House launched in 2019 as an answer to a generation’s craving for a more transparent alcohol brand, raising millions in venture funding from angels such as Casey Neistat, Away co-founder Jen Rubio and funds including Homebrew, Haystack Ventures, Coatue, Shrug Capital and Worklife Ventures. Haus has raised $17 million on rolling SAFE notes to date.
Today, CEO and co-founder Helena Price Hambrecht tapped into the same ethos of transparency to announce that the startup’s Series A fell through and the company is in the process of closing down. In an interview with TechCrunch, Hambrecht spoke about Haus’s transition from buzzy VC-backed startup to a business currently up for sale, as-is or in parts.
Haus sells a series of citrus, spice and flowery low ABV (alcohol by volume) apertifs, meant to be an alternative to hard liquors and a little stronger than wines. Made in Sonoma, California, Haus also promised a product made of all-natural ingredients with a key differentiator: users could order it online and get Haus bottles delivered to their doorstep. A digital-friendly, healthier alternative that replaces wine memberships set up the company to have a strong social presence.
Hambrecht, a Silicon Valley branding veteran, took over as sole chief executive of the company in 2021 after her co-founder and former husband Woody parted ways. This year, Haus shared it has crossed the $10 million in revenue threshold and recently announced that it would be hitting national distribution with Winebow, another milestone for the then solely direct-to-consumer business.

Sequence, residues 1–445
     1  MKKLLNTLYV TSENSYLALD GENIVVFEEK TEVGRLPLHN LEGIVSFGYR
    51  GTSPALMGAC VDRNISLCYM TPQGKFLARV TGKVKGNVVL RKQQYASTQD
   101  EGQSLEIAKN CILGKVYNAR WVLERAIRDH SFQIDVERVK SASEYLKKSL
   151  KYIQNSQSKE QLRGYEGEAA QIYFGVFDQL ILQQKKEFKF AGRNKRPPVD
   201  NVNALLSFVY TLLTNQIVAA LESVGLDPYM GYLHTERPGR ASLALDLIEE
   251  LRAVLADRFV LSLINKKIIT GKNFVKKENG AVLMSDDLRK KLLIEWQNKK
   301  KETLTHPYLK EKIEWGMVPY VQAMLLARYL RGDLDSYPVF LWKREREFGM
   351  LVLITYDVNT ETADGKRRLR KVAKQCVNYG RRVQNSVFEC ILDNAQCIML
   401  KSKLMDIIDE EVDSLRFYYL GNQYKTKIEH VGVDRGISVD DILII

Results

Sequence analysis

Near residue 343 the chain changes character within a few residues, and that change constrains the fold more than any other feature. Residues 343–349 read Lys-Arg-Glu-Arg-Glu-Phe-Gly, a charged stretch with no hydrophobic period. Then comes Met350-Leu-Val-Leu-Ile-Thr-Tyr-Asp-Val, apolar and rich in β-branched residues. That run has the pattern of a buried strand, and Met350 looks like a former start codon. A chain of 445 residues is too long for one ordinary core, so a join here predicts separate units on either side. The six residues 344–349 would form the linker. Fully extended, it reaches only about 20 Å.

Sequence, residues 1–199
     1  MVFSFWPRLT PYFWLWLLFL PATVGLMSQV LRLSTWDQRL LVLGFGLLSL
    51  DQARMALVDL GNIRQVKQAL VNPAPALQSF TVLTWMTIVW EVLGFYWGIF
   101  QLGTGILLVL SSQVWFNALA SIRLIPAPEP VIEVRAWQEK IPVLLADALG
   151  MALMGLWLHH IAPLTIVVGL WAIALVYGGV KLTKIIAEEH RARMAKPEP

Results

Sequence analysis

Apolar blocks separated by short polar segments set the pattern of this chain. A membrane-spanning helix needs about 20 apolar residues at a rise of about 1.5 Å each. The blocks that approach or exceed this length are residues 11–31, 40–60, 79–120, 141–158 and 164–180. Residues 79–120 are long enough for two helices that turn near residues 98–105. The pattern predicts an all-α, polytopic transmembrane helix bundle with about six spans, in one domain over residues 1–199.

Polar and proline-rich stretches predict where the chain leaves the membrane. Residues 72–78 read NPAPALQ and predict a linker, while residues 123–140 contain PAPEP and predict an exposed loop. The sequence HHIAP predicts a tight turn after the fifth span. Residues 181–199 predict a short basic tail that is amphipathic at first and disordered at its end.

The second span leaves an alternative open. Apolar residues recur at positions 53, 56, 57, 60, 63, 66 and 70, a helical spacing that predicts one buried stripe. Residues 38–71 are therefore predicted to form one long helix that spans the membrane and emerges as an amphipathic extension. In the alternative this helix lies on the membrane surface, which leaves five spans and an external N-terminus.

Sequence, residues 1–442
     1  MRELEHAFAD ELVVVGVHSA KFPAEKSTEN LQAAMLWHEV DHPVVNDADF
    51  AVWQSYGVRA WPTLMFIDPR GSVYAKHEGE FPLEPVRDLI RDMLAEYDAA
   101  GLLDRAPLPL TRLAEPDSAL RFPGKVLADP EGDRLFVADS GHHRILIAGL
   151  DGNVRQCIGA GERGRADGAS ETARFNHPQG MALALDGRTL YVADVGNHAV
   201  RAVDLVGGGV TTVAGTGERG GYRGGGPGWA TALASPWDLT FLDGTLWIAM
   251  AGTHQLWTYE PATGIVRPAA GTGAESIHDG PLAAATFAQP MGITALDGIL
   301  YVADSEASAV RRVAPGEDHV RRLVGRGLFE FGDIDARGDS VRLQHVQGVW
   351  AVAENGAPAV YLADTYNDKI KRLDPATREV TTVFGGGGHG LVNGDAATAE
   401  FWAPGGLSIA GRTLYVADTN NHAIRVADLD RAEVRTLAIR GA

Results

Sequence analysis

Yet, as the pandemic spread throughout the world, the company went through a series of challenges, including supply chain issues, lack of in-person word of mouth growth and iOS changes.
“It was difficult to build the business that I wanted to build during the pandemic considering we were building a social product,” Hambrecht said. “We didn’t have people gathering, we didn’t have natural word of mouth. We were a purely digital growth brand during that time, great for acquisition but not good for monitoring long-term behavior.”
The progress came as Hambrecht struggled to raise venture capital funding, largely, she says, because venture investors are unable to back alcohol companies due to vice clauses in their LP agreements. “Diligence for an alcohol round is very different from software; with software it is 4-6 weeks, with alcohol it is months. I’ve learned over time that almost every process, from operating legally to fundraising diligence, is 100x harder for alcohol,” Hambrecht told TechCrunch. Because the company was unable to fundraise from traditional VC, it took on debt financing and began looking for private equity and strategic partners.
Enter Constellation Brands, the producer and marketer of beer brands such as Corona Light, Modelo Especial and Pacifico. In 2018, the beverage company’s venture arm committed $100 million investment in women-led startups. Constellation’s dedicated fund stood out to Hambrecht because it, alongside the Winebow deal, would help expand the brand’s distribution.